So You Want to Build a Guitar? Pt. 4
Welcome back to our series on building a guitar. Last month we spent our first day gluing our guitar’s sections together. By the end of the day two, we want
Welcome back to our series on building a guitar. Last month we spent our first day gluing our guitar’s sections together. By the end of the day two, we want the fretboard and headstock veneer glued in place.
We will surface sand the front and rear flat, with the rear being of most concern. We want a final thickness of 1.915”. If you don’t have access to a wide belt sander, try your local door/cabinet workshop, or even a school woodshop. If there’s enough material to sand the front and rear, great! The body face will be later planed down to 1.780”, with the neck face at 1.895” when we’re finished.
Whether building with a bandsaw, pin router, hand-held or CNC router, tooling holes located in your templates that are universally located for front and rear routing aid in the accurate alignment of all machining operations. Leo Fender used 1/8” tooling pins in their bodies and necks. Suppliers offering a variety of template kits for DIY guitar building – including 1/4” templates with every detail needed to build – can be easily located. If you draw your own CAD templates, a blueprint shop can plot prints to the exact size, which you can adhere to Masonite with adhesive spray. Bandsaw, route and sand to the final size with drawing/ dimensions as a reference.
For drilling tooling holes, I use a 1/2” thick Plexiglas template with two 3/4” drill bushings and a centerline scribed to align. The fixture has two screw holes located out of the work area – use two wood screws to keep it in place and drill through the holes with a drill press.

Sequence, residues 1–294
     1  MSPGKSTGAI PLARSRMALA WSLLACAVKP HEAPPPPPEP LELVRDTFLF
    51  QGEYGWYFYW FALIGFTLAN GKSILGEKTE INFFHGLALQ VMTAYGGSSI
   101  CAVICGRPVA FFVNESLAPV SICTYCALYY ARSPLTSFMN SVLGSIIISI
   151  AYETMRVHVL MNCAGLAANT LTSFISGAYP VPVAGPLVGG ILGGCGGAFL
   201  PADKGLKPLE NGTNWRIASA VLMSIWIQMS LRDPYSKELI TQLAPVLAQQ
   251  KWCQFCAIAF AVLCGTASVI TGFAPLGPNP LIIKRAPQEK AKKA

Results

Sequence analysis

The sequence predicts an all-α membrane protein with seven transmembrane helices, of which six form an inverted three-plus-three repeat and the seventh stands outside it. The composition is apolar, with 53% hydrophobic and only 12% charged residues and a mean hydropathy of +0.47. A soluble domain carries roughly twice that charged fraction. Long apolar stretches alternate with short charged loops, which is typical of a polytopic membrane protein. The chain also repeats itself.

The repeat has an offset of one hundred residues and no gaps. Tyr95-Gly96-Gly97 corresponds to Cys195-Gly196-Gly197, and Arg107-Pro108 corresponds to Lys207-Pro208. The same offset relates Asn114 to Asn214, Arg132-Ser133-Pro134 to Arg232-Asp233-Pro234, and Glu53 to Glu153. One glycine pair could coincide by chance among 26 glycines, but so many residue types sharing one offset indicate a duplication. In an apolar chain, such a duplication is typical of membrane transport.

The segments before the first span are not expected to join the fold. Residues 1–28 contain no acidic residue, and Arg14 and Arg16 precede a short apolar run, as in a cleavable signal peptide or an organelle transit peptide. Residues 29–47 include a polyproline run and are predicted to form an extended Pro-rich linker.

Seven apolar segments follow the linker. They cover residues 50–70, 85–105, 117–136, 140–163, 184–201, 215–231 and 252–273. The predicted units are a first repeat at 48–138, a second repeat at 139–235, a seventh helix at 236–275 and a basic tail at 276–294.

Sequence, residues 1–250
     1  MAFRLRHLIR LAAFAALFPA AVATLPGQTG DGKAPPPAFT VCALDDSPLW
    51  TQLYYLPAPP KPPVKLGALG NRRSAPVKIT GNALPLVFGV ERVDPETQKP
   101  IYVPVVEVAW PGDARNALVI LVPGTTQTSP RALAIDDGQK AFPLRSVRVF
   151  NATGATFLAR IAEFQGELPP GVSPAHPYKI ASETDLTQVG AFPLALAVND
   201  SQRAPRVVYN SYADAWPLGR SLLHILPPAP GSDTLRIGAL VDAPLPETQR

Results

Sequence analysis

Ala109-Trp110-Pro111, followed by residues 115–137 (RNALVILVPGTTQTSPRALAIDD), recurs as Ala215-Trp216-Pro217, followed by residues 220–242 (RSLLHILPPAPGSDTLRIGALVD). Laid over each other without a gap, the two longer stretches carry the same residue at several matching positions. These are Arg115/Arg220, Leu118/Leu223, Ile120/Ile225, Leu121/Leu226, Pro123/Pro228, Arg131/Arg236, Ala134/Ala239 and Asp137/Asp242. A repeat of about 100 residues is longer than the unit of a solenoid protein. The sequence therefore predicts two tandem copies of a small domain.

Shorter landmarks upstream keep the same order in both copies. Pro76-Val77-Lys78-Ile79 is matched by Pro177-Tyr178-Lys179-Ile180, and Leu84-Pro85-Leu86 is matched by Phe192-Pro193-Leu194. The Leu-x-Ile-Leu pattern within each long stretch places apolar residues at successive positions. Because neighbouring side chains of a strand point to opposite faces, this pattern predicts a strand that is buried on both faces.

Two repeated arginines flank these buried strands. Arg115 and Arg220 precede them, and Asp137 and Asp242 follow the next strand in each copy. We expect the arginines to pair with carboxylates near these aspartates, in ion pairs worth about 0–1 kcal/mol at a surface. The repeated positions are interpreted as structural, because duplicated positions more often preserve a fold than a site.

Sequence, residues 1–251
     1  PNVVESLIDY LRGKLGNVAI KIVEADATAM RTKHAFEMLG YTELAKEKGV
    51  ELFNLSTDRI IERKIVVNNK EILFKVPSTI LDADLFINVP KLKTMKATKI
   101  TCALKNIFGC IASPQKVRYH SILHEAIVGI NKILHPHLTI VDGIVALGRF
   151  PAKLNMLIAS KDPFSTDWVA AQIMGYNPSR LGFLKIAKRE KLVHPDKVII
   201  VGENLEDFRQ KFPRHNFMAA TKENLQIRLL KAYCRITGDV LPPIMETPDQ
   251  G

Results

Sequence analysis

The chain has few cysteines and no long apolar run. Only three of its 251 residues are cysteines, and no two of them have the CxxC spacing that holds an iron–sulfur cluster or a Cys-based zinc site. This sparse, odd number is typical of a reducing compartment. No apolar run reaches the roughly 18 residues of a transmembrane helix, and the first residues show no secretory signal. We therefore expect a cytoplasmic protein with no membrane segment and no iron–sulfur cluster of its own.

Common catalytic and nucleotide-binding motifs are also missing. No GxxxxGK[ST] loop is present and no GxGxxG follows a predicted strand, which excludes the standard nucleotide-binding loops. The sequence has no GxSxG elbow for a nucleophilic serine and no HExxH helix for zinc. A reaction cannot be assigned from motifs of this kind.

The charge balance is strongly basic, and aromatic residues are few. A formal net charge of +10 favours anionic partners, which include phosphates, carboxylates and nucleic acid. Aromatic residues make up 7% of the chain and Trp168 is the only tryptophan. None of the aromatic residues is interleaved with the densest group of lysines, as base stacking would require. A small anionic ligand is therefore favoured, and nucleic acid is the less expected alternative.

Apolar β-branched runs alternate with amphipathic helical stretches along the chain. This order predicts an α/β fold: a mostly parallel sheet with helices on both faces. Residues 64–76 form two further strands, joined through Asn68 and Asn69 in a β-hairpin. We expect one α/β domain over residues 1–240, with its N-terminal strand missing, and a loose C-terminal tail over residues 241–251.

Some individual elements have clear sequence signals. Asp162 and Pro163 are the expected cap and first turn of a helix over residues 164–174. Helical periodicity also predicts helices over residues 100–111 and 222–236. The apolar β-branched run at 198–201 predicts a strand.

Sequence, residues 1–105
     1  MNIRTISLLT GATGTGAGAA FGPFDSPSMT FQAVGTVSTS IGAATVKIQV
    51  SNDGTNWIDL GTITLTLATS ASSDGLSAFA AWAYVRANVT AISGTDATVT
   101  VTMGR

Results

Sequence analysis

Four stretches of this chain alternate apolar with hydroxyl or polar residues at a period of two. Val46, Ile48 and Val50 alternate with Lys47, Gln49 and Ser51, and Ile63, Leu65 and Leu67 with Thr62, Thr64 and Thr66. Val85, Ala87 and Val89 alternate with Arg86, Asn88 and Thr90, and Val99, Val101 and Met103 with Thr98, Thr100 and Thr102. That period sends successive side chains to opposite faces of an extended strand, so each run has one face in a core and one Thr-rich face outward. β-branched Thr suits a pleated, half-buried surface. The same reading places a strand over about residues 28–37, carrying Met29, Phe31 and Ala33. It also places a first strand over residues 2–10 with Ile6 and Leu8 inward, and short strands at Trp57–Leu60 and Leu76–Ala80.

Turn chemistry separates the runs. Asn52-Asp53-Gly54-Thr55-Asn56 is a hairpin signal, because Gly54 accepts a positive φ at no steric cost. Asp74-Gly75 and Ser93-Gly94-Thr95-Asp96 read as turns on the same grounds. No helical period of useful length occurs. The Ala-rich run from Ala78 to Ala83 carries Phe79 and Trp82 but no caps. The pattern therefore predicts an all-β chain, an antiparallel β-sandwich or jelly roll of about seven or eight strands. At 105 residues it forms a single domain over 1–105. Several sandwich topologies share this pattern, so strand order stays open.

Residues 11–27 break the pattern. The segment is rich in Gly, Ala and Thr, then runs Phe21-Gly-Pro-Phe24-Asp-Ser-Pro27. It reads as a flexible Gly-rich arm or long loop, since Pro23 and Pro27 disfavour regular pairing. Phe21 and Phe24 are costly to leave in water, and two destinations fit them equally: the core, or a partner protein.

We now need to create our headstock angle. This can be whatever you want – flat and offset to the fretboard surface like a Fender design or a pitched headstock of your choice angle, like a Gibson. I am using a 12-degree cut with a 5/8” ball end mill. This can be bandsawed and edge sanded just as easily.
The truss rod slot will vary based upon the dimensions of the rod used – most will have specs included. I use a custom made rod installed in a 7/32” round bottom channel, which matches the truss rod size without binding. The channel can be routed with a plunge router or table router. A fixture with arc’ed guide rails can be made for a vintage rod; some use a flat bottom channel. Using a thin, metal yardstick on edge, bend the stick to create your arc, based on the depths needed for the rod used (start, middle and end points of depth). I use a 7/32” ball nose cutter to route the channel, anchor hole and the opening at the headstock. Keep in mind, you can reverse the rod installation and put the adjusting area at the butt end; it doesn’t have to be at the headstock. Once routed, lube the rod with beeswax to keep glue from sticking and install. Bending the rod to match the channel’s shape is a key element to not loading your neck with tension.
Installed above the rod is a 7/32” wide, 1/2” tall, X long (length of slot) fillet. This fillet matches the channel’s arc, glued only on the sides. Make sure not to get any excess glue between the fillet and rod – don’t force it, as it may split your neck later. I use a few Quick Grip clamps, light pressure and make sure the fillet is pulled all the way in to avoid rod rattle. An hour is all you need before pulling the clamps and surfacing the fillet flush.
Unfortunately, we’re out of space, but next month we’ll get the headstock veneer and fretboard glued in place.
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Fine Tuned Instruments LLC, home of his “b3” instruments.